Navigating adolescent CFS

What we think’s worked for our girl…so far…Part 2 February 10, 2014

Filed under: CFS Treatments — parentingcfs @ 5:05 am
Tags: , ,

DISCLAIMER: The following post contains anecdotal information and my thoughts. It is not meant to reflect medical advice pertaining to any other person.


I’m absolutely thrilled to be able to tell you that our girl is back at school for 3 hours, 3 mornings a week. We are terribly, terribly proud of her and her determination but as we know too well no amount of determination would get her there if she hadn’t had enough improvement in symptoms.

Very difficult with this illness to quantify change but I’ll try!

What has changed?

-much less nausea

-slightly more energy

-less light sensitive (no longer lives in a darkened room)

-able to concentrate for around 20 minutes on written work. Sometimes 30.

So this post is about what, other than prescription medicine, appears to have helped our girl back onto her feet. Literally! These are in no particular order.

1) A large amount of self- determination. ie; me letting go as Mum and allowing her to decide what she could do, when. Forgetting about other people’s expectations. Accepting that ‘the norm’ for our child was not ‘the norm’ for everyone else.

2) Not always allowing her to be in charge. Yep, complete contradiction to the first one. Welcome to my constant second-guessing world!!! I know all you other carers out there know exactly what I mean. There are times when some firm encouragement is needed. Knowing when is not easy. As I’ve mentioned in previous posts I would invite a friend to visit without telling my girl this friend was coming. When she was at her worst if she had known she would have vetoed it. The anticipation of energy use would have drained her before she even got to the energy use she was worrying about! But keeping in touch with friends was very very important in the long game and that was what we were playing.

3) an excellent naturopath

4) an excellent psychologist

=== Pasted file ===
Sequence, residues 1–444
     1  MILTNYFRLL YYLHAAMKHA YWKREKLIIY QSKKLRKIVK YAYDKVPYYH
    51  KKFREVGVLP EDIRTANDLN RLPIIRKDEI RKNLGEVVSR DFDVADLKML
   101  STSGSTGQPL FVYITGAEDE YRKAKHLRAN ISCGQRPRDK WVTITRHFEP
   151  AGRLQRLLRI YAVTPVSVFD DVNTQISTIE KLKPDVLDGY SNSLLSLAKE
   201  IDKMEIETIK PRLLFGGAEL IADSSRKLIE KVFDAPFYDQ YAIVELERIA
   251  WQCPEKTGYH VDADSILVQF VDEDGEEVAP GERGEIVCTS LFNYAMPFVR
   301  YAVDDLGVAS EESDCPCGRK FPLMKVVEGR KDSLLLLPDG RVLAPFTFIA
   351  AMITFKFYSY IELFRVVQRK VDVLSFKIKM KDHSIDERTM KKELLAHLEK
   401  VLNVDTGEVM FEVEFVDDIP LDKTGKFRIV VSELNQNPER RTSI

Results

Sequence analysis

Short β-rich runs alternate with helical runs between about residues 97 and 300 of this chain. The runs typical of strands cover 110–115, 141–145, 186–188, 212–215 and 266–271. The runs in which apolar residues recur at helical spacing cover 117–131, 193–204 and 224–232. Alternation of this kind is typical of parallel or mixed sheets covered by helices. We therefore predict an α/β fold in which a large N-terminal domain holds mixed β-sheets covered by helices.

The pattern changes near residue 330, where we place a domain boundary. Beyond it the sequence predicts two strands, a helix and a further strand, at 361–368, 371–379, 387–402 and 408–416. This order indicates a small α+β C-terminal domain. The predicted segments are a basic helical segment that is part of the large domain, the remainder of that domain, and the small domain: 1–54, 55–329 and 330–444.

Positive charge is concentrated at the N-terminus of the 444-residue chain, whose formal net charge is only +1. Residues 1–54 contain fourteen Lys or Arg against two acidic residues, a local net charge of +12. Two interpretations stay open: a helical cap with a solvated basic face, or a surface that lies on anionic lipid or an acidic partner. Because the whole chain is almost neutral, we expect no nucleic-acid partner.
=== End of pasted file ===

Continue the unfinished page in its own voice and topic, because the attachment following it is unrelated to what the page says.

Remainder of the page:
5) an excellent cranio sacral osteopath

These three professionals have played a very important part in our girl’s improvement to date. Not least because they were other adults she could talk to/rely on other than family.

6) our wonderful extended family. You know who you are. Thank you xx

7) our friends. As above xx

Our girl at her worst had no energy for different environments. But familiar places that she had visited many times with familiar people were occasionally doable and these outings, usually to dinner at family and friends’ , were literally sanity-saving. For all of us!

8) Good food and frequent small meals. Adequate hydration. We were not a family that ate much processed food. We did eat a lot of gluten. Our girl appears to be better on a low gluten diet…though I don’t know if it’s even possible for that to make a difference. We buy organic if at all possible and have cooked breakfasts most mornings. Greens are present at every meal..unless there’s blueberries. Then it’s blues! Dr Terry Wahls Protocol has been my baseline. If you don’t know about it, check it out.

9) Peppermint tea. Great for nausea. ’nuff said. 😉

10) Heat packs. I knew nothing about just how useful these could be for aches and pains until my child became ill. I lurrrrrrve them now.

11) Music. Our girl has listened to hours of music everyday since becoming ill. It has made life worth living for her.

12)Fun. Wherever and however possible. Laughter as medicine. Sometimes very black, very funny humour. We would have been lost without it.

13) Clothes shopping. See above. For about 12 months it was just about the only kind of fun she could handle. Go figure! (A complicated biochemical cause I suspect!) Luckily I don’t mind an hour or so at the mall so this was a way we could have fun together for the long period when she could only be on her feet for brief periods. It was the only exercise she got

14) Supportive schools. We have been extremely blessed with both the primary and high school. Our girl knew she was supported by all and that they understood just how ill she was and would not put pressure on her. Priceless.

15) Other parents’ experiences with their child’s illness. I have been lucky enough to be in communication with many wonderful parents who have given me all sorts of tips that have helped. Thank you.

16) Rest and time. The first was crucial. And yet often had to be balanced with some movement. I can’t explain to you how difficult that can be. The latter is the unknown. Our girl’s growth rate has clearly slowed. She is a 5 ft 9 beauty at 14. Perhaps her faulty vascular system is catching up a bit and leading to improved blood distribution and hence health? Ah, one day we will know the answers…

That’s all I can think of for now. Wouldn’t it be wonderful if this was my last post because things just continue to improve?! I sure hope it is. To all of you out there who have shared our journey, thank you. To those of you who are fighting a daily battle with this illness that has compromised your child’s life, you are amazing. To all, good luck and the wisdom to be kind to yourself.